Your initial estate planning efforts may consist of nothing more than executing a Last Will and Testament that ensures your assets will be distributed according to your wishes in the event of your sudden death at an early age. You will, however, undoubtedly elaborate on that plan as you acquire more assets and as your family expands. Eventually, your estate plan will likely include a wide range of estate planning tools, one of which may be an incentive trust. The North Andover trust attorneys at DeBruyckere Law Offices explain why you might include an incentive trust in your estate plan.
What Is a Living Trust?
A trust is a fiduciary legal arrangement that allows a third party, referred to as a Trustee, to hold assets on behalf of a beneficiary or beneficiaries. Trusts can be arranged in many ways and can specify exactly how and when the assets pass to the beneficiaries. All trusts can be broadly divided into two categories – testamentary or living (inter vivos) trusts. Testamentary trusts are typically activated by a provision in the Settlor’s (trust creator) Last Will and Testament and, therefore, do not become active during the lifetime of the Settlor. Conversely, a living trust activates during the Settlor’s lifetime. Living trusts can be further sub-divided into revocable and irrevocable living trusts. If the trust is a revocable living trust, as the name implies, the Settlor may modify or terminate the trust at any time. An irrevocable living trust, however, cannot be modified or revoked by the Settlor at any time nor for any reason unless a court grants the right to revoke or modify the trust.
What Is an Incentive Trust?
Almost anyone can be the beneficiary of a trust, including entities such as a charitable organization or even your family pet. Often, however, the beneficiaries of a trust are the Settlor’s children and/or grandchildren. A trust is frequently used in lieu of, or in addition to, a Last Will and Testament as a mechanism to pass down an inheritance. When that is the case, a Settlor often chooses to make the trust an “incentive” trust.
Although we might all like to believe that our children or grandchildren will manage an inheritance with the utmost care and frugality, the reality is that if they are still relatively young when they receive that inheritance, they might not be particularly responsible with that money. Using a trust to pass down that money allows you to stagger the distribution of your child/grandchild’s inheritance instead of handing over a lump sum to a beneficiary who is not emotionally or practically ready to handle a large sum of money. Making that trust an incentive trust offers you and added layer of control.
The term “incentive trust” is an informal name given to a trust that encourages good behavior by the beneficiaries of the trust. Usually, an incentive trust is a revocable living trust; however, you could also use a testamentary trust or even an irrevocable living trust. A revocable living trust is usually chosen though because it offers you the ability to modify the terms of the trust while you are still alive. The terms of the trust are what make it an incentive trust because those terms are used to guide the behavior of the beneficiaries. A beneficiary will only receive disbursements if he/she does something, or refrains from doing something, that the Settlor deems important. For example, a beneficiary might only be entitled to receive disbursements from the trust if he/she maintains a specific grade point average in school. Incentive trusts are also commonly used to encourage beneficiaries to overcome addictions, settle down and start a family, pursue specific careers, or become involved in philanthropy. One of the primary benefits of creating a trust is the ability to create the trust terms. As the Settlor, you can include any terms you wish if they are not illegal, unconscionable, or impossible to fulfill. That means you can use your incentive trust to encourage or discourage any type of behavior that you feel is important enough to tie to an inheritance.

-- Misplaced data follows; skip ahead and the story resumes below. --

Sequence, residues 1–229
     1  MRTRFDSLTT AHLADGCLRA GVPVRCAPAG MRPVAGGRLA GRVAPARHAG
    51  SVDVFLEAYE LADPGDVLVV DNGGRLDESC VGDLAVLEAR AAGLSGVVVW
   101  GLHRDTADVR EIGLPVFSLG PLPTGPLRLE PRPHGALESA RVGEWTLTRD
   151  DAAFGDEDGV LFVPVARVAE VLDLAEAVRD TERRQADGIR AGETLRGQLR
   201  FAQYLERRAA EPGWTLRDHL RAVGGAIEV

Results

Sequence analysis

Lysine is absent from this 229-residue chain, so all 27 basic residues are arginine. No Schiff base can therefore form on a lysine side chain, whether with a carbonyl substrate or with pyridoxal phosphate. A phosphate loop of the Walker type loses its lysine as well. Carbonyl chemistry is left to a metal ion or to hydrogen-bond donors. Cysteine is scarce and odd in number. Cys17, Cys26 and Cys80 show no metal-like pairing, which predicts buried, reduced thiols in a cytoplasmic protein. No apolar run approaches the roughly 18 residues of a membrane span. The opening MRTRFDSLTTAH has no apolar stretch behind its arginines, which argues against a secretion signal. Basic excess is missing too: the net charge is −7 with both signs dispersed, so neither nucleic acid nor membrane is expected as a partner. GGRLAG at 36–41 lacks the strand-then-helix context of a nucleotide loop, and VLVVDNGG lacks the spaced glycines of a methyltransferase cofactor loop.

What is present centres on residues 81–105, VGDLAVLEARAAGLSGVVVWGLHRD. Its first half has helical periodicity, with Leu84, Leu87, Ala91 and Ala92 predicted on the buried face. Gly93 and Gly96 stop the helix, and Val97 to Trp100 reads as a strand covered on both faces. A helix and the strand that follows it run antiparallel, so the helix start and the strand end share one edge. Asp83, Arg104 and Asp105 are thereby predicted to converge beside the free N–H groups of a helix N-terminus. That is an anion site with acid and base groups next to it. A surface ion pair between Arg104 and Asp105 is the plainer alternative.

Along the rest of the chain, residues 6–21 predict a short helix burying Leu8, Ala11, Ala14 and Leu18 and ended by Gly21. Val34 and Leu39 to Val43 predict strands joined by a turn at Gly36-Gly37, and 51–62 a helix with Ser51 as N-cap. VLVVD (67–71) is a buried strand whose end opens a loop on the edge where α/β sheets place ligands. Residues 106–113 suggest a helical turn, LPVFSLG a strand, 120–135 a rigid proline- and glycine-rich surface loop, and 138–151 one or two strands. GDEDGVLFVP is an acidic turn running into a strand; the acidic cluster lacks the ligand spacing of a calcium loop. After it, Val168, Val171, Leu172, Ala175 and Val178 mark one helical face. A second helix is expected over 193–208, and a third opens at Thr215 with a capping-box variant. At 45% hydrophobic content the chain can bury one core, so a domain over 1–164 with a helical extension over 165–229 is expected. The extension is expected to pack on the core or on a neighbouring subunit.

Contact North Andover Trust Attorneys
For more information, please join us for an upcoming FREE seminar. If you have additional questions about an incentive trust or incapacity planning in general, contact the North Andover trust attorneys at DeBruyckere Law Offices by calling (603) 894-4141 or (978) 969-0331 to schedule an appointment.
Yes. Because you are not legally married, your partner would receive nothing from your estate – no matter how long you have been together. A revocable trust ensures that your partner will inherit from your estate and allows you to appoint him/her as the Trustee of the trust.
One of the primary advantages to an irrevocable trust is asset protection. Once assets are properly transferred into an irrevocable trust they become the property of the trust and are, therefore, out of the reach of creditors.
A common mistake people make when creating a trust is to appoint a spouse or family member as the Trustee without giving sufficient thought to the individual’s qualifications. Given the complex legal and financial nature of a trust, you may wish to consider a professional Trustee.
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